Introduction to Computer Programming

Program 5: Monkey Shakespeare

Using Markov-chain algorithms to generate randomized text

Due date: Tuesday, November 21 at 5pm


Instructions


Range tables

For the purpose of this assignment, we define a range table to be a list of triples of the form (lo, hi, x) where lo and hi are nonnegative integers, lo is less than hi - so (lo, hi) mark a nonempty Python range and the the ranges in the list are consecutive meaning that the higher part of one triple becomes the lower part of next triple and the first lower element is 0. The idea is that the list represents the frequencies of the items (x) that occur int he table - the larger the range, the more likely the item.


The assignment itself

  1. Download the two files: the starter file and the REPL. The first is the starter file where all your code will go. The second is the REPL which has been written for you and requires no action on your part - it calls the code in the other file. Out of the box, if the two files are in the same folder and you run the REPL file it will start the top-level function markov_repl which will give you a basic menu of options for reading and analyzing a text file and for generating Markov sentences based on those analyses.

  2. Complete the function normalize_char(c) so that if c is whitespace, a letter, or an apostrophe (') it is returned; if it a sentence ending form of punctuation (!, ?, .) is replaced by a "normalized sentence ending" - which in this case should be period surround by a space on either side; all other characters should be replaced by a single space. Examples:

    >>> normalize_char('x')
    'x'
    >>> normalize_char('$')
    ' '
    >>> normalize_char("'")
    "'"
    >>> normalize_char('?')
    ' . '
  3. Complete replace_by_fun(s, f) so that it returns a new string where every character is replaced by the result of calling f on s. You can assume s is a string and f is a function that takes as input a character (i.e., a string of length 1) and returns a string. Examples:

    >>> replace_by_fun('Hello!', lambda x:x)
    'Hello!'
    >>> replace_by_fun('lions, tigers, bears - oh my!', normalize_char)
    'lions  tigers  bears   oh my . '
  4. Complete parse_into_words(s) so that it returns a list of lowercase "words" in s where s has been normalized (by using the two previous problems). I recommend using .lower, .strip, and .split. Example:

    >>> parse_into_words('To be -- or not to be. That is the question?')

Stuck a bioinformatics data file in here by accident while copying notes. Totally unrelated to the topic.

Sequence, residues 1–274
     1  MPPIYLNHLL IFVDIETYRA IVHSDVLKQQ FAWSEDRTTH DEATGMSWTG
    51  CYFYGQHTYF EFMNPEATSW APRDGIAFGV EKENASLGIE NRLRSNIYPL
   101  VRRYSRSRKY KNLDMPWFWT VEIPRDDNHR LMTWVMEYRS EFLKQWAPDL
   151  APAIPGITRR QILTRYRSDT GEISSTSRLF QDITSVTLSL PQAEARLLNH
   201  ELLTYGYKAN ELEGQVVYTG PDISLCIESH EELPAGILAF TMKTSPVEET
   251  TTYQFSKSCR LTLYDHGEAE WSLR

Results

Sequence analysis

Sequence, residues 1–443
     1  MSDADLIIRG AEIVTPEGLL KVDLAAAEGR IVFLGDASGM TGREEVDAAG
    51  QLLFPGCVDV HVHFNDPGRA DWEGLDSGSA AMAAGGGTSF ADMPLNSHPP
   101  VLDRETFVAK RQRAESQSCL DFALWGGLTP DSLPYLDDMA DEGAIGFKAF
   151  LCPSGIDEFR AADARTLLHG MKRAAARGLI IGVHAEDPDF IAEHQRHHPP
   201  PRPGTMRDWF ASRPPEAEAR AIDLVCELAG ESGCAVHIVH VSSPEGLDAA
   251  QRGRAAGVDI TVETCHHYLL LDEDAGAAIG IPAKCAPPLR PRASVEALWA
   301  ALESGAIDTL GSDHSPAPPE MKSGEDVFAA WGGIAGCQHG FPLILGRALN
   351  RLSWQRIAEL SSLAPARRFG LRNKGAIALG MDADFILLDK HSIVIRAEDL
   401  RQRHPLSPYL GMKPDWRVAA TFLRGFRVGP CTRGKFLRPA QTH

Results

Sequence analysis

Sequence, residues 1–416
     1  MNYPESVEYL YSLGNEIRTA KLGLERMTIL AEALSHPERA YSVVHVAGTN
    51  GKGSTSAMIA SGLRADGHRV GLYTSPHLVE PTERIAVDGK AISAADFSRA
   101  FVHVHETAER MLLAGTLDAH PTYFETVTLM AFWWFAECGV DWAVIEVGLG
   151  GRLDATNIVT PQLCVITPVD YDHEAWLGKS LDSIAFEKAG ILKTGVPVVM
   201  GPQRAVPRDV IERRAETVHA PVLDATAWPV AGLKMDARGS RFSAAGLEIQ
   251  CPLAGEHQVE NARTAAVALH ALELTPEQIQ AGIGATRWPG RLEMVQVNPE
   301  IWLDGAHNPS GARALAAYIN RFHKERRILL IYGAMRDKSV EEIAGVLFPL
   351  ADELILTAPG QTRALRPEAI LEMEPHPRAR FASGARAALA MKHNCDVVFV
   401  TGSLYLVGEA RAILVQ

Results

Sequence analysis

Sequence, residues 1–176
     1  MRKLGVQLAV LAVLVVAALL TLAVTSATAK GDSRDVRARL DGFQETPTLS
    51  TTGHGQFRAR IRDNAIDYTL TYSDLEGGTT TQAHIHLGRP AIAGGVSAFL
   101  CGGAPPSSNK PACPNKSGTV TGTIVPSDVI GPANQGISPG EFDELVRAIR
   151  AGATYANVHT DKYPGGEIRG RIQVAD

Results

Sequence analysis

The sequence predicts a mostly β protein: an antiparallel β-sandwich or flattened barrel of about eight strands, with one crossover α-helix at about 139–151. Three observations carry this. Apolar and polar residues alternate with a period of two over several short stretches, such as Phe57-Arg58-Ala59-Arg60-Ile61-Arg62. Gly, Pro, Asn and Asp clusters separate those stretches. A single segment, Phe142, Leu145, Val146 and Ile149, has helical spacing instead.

['to', 'be', 'or', 'not', 'to', 'be', '.', 'that', 'is', 'the', 'question', '.']
  5. Complete find_next(seq, x, start=0) so that it returns the position in sequence (i.e., lists, tuple or string) seq where the next occurrence of x occurs, starting a position start. If x does not occur from any point between start and the end ofseq, it should return None. Examples:

    >>> words = ['to', 'be', 'or', 'not', 'to', 'be', '.', 'that', 'is', 'the', 'question', '.']
    >>> find_next(words, 'be')
    1
    >>> find_next(words, 'be', 2)
    5
    >>> find_next(words, 'be', 8) is None
    True
    >>> find_next(words, '.')
    6
    >>> find_next(words, '.', 7)
    11
  6. Complete build_firsts(words) so that it returns a bag (i.e., a dictionary) that consists of the number of times that pairs of words occur as the first two words of sentences in words (which can be assumed to be a list of words). The beginning of a sentence is either the first words in the list, or the words immediately following '.' in the list. Example:

    >>> words = ['to', 'be', 'or', '.', 'to', 'be', '.', 'that', 'is', 'the', 'question', '.']
    >>> build_firsts(words)
    {('to', 'be'): 2, '('that', 'is'): 1}
  7. Complete build_range_table(bag) so it returns a range table derived from bag. Example:

    >>> words = ['to', 'be', 'or', '.', 'to', 'be', '.', 'that', 'is', 'the', 'question', '.']
    >>> bag = build_firsts(words)
    >>> build_range_table(bag)
    [(0, 2, ('to', 'be')), (2, 3, ('that', 'is'))]
  8. Complete find_match(items, x, matches) so that it returns the first position in items where matches when called on an item in items and x returns True. This is just like linear search, but depends on the function matches rather than equality. If no matches are found, it returns None. Assume that matcher is defined as:

    def matcher(triple, x):
        return triple[1] > x

    then here are some examples:

    >>> triples = [(0, 2, ('to', 'be')), (2, 3, ('that', 'is'))]
    >>> find_match(triples, 1, matcher)
    0
    >>> find_match(triples, 2, matcher)
    1
    >>> find_match(triples, 3, matcher) is None
    True

  9. Complete choose_from_rt(rt) so that it randomly selects an item from range table rt according to the weights implied by the ranges. You can examine the upper part of the range of the last item in the table to determine over what range to select a random number. You can assume the lower part of the first range is 0. Call find_match. You can test your code by using the REPL and choose first words option.

  10. Complete build_all_bags(words) so that it returns a dictionary that maps pairs of words to bags that represent the frequency of the words that follow each pair. So, for instance if "to be" is a pair of words that exists consecutively in words, twice followed by "or" and once followed by "that" then the its entry in the the result of this function might look like:

    {..., ('to', 'be'): {'or': 2, 'that':1}, ... }
  11. Complete build_all_rts(bags) so that assuming bags is a dictionary such that would be generated by the previous problem, it returns a dictionary that maps pairs of words to the range table correspond to the bag in bags.

  12. Complete markov_sentence(first_rt, all_rt, max_length=50) so that it returns a Markov-generated sentence consisting of a pair of words from first_rt (the range table for first words) and words in the range tables in all_rt. Test your code using the REPL.


Extra credit